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Calgary's Jewish community remembers The Night of Broken Glass

Last Updated Nov 10, 2018 at 12:21 pm PDT

Jean-Pierre Dalbéra: Flickr.

CALGARY (660 NEWS) – On the morning of November 10th, 1938, Jewish communities were waking to both heartbreak and devastation.

It was on the night of the 9th when Jews in Germany, Austria, and the Sudetenland were attacked. More than 200 synagogues were destroyed, more than 7,000 Jewish businesses damaged and varying reports of murders were paired with 30,000 Jewish men arrested and incarcerated in the concentration camps that would become synonymous with the Nazi regime and the hatred that went along with it.

It was called the Night of Broken Glass or Kristallnacht because of the shards of glass that littered streets.

Ilana Krygier Lapides is with the Calgary Jewish Federation. She says this was the result of years of hate speech, and a sign of even worse things to come.

“This is one of the examples of words turning to violence. Basically, this is when the Jewish people in Germany realized that the writing was on the wall, that no one was coming to their aid.”

Daniel Koren is with the B’nai Brith. That Jewish organization has been tracking acts of antisemitism since 1982.

He says 2016 and 2017 are the most violent on record in Canada.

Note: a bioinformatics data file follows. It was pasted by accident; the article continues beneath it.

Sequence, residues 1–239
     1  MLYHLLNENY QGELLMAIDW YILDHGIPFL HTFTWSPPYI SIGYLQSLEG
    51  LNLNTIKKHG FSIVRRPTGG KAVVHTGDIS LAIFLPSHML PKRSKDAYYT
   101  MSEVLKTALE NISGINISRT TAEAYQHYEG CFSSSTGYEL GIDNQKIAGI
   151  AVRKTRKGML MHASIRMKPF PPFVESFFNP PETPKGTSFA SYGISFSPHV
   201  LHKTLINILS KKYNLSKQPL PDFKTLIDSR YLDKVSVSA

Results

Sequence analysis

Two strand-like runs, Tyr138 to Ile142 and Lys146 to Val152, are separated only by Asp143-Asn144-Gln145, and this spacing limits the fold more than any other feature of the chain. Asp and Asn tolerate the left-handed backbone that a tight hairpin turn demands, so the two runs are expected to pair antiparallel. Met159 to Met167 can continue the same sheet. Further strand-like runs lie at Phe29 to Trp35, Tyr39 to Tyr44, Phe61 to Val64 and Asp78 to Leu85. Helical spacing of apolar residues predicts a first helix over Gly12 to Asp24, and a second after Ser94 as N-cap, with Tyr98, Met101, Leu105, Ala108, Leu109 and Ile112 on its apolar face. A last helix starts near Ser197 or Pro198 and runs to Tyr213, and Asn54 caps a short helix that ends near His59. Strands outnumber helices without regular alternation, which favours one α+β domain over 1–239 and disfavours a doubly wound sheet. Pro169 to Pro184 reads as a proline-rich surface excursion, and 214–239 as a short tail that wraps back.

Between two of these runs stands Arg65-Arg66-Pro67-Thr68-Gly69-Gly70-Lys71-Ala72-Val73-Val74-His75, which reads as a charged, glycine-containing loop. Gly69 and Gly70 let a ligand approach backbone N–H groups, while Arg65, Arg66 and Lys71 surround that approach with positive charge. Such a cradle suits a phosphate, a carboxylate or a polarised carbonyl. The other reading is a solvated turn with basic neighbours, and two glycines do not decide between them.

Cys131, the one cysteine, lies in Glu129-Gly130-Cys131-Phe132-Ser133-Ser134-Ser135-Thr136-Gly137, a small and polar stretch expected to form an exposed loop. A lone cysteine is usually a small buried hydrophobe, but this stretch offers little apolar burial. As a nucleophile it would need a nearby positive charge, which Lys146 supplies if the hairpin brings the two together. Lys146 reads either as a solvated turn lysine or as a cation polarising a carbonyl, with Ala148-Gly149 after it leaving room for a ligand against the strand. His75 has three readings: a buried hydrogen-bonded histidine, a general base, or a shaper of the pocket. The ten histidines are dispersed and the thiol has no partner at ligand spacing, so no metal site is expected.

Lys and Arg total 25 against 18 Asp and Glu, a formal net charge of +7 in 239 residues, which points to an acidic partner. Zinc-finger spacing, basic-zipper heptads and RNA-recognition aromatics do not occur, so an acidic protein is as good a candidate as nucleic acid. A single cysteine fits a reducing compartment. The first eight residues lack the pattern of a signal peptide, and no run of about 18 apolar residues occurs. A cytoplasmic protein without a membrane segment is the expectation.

“It hits close to home, it’s a worrying trend. It’s hateful rhetoric and it is targeting the Jewish community. What a lot of people don’t realize is the Jewish community remains the most targeted identity group in Canada.”

While he says Justin Trudeau’s apology for turning away Jewish refugees is a positive step, much more needs to be done to stop the tides of antisemitism.

“While we like the apology, we’d also like to see a concrete action plan to combat antisemitism. A national action plan that countries such as France and Norway have established in their countries.”

Krygier Lapides believes there are signs of hope, even after hateful acts like in Pittsburgh.

“We were fortunate we had over a thousand people at a vigil last week. There representatives from all ethnicities, cultures, and religions that came to stand shoulder to shoulder with us to show their support and it was so heartening.”